A proposal to seal criminal records of individuals arrested for possession of cannabis in public view in New York has passed the State Assembly 95-38 – if it’s approved by the Senate it could impact more than 800,000 convictions in the state. Citizens charged with possession in public view are often accused of the crime only after being subjected to controversial stop-and-frisk searches.
Assemblymember Crystal Peoples-Stokes, the bill sponsor, said the measure is necessary “because drug laws have created a permanent underclass of people unable to find jobs after a conviction” adding that communities of color have been the most affected by 40 years of “bad drug policies and hyper-criminalization” and are often targeted during stop-and-frisk stops.
“If today’s moment of increased attention to heroin encourages us to center public health in our drug policy, then we need to ensure that we are making amends to communities of color by alleviating the burden bad policies have had on their lives,” she said in a press release. “Sealing low-level marijuana possession convictions is the first step to reintegrating thousands of New Yorkers who are inhibited daily from accessing employment, housing and an education all due to a conviction on their record for simple possession of marijuana.”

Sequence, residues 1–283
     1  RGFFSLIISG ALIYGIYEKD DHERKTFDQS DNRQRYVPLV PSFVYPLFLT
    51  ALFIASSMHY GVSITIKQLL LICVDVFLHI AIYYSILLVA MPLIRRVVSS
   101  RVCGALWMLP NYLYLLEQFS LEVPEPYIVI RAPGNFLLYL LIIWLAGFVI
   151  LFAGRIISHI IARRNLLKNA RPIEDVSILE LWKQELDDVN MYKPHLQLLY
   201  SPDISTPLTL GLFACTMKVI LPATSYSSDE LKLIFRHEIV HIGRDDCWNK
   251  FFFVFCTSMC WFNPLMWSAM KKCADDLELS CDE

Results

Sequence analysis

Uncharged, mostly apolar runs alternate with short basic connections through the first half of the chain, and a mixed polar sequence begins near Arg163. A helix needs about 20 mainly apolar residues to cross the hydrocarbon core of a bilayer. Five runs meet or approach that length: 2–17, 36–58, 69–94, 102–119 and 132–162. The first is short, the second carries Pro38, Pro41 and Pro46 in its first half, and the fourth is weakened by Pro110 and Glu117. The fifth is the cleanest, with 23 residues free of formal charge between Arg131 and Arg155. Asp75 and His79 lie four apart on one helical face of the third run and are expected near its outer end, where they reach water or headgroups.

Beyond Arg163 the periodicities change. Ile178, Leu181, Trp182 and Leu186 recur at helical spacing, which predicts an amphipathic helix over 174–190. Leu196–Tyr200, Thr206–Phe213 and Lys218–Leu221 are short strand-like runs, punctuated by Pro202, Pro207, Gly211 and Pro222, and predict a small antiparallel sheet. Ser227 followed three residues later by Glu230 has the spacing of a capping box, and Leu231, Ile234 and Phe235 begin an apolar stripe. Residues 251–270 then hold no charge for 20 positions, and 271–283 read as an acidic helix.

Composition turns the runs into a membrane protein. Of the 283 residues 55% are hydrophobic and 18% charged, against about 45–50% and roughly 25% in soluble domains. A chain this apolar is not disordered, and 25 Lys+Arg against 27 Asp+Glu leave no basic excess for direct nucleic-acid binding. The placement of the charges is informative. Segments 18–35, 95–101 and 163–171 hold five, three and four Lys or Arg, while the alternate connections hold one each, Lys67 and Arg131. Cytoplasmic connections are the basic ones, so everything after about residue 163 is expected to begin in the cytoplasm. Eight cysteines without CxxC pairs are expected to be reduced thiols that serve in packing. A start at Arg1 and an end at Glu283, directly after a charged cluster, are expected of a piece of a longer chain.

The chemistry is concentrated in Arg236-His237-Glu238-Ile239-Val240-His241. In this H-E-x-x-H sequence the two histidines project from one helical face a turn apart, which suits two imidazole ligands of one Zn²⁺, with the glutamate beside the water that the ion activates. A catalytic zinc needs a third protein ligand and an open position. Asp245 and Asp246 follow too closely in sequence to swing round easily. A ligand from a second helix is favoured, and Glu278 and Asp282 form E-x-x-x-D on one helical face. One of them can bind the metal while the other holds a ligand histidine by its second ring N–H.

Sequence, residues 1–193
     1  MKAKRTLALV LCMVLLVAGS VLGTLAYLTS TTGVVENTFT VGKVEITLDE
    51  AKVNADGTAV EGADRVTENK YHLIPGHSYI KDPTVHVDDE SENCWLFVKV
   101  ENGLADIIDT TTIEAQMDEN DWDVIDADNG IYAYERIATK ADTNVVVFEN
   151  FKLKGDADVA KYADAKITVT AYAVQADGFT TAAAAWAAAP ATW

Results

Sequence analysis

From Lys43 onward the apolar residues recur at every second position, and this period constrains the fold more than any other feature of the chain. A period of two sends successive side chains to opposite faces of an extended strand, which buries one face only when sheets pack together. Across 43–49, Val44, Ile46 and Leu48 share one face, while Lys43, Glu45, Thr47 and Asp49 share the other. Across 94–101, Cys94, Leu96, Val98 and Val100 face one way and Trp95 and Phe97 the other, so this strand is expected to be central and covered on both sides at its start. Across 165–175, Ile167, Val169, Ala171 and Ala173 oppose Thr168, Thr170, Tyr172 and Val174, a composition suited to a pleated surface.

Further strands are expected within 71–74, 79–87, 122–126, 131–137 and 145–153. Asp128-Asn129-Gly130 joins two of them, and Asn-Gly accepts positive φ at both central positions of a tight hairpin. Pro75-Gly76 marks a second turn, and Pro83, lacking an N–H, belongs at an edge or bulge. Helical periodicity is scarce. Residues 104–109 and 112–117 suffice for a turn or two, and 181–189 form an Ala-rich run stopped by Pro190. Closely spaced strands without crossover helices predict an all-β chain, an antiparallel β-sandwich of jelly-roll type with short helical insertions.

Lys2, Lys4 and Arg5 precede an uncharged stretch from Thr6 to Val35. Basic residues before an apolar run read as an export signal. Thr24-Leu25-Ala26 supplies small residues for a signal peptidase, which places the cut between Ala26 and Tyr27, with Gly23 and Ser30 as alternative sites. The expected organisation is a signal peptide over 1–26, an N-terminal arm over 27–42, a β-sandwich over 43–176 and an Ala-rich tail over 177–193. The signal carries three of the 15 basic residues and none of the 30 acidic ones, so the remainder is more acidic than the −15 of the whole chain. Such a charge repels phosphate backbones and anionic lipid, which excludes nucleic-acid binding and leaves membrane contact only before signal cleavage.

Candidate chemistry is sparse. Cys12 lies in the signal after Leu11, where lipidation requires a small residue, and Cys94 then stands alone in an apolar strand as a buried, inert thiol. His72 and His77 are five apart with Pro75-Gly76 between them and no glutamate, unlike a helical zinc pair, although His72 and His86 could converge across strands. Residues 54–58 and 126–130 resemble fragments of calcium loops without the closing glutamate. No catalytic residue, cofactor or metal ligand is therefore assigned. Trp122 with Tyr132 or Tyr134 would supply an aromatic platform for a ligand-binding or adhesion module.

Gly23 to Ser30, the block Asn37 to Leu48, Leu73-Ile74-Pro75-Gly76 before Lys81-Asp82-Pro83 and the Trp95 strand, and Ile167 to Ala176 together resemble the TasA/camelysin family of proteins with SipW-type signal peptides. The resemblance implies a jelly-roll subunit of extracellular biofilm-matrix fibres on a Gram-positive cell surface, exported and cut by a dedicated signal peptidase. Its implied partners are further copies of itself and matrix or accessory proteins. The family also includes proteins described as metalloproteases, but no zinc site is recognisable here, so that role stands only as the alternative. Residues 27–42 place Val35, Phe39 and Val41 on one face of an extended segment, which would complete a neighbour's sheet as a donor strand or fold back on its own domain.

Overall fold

Kassandra Frederique, Director of the Drug Policy Alliance, applauded the Assembly vote and said that the measure is “most urgent” under the Administration of President Donald Trump, whose policies have, thus far, been anti-immigrant.
“Comprehensive drug law reform must include legislative and programmatic measures that account for our wrongheaded policies and invest in building healthier and safer communities, from the Bronx to Buffalo, Muslim and Christian, US-born and green card-holding,” she said.
The measure now moves to the state Senate where it is sponsored by Sen. Jamaal Bailey.
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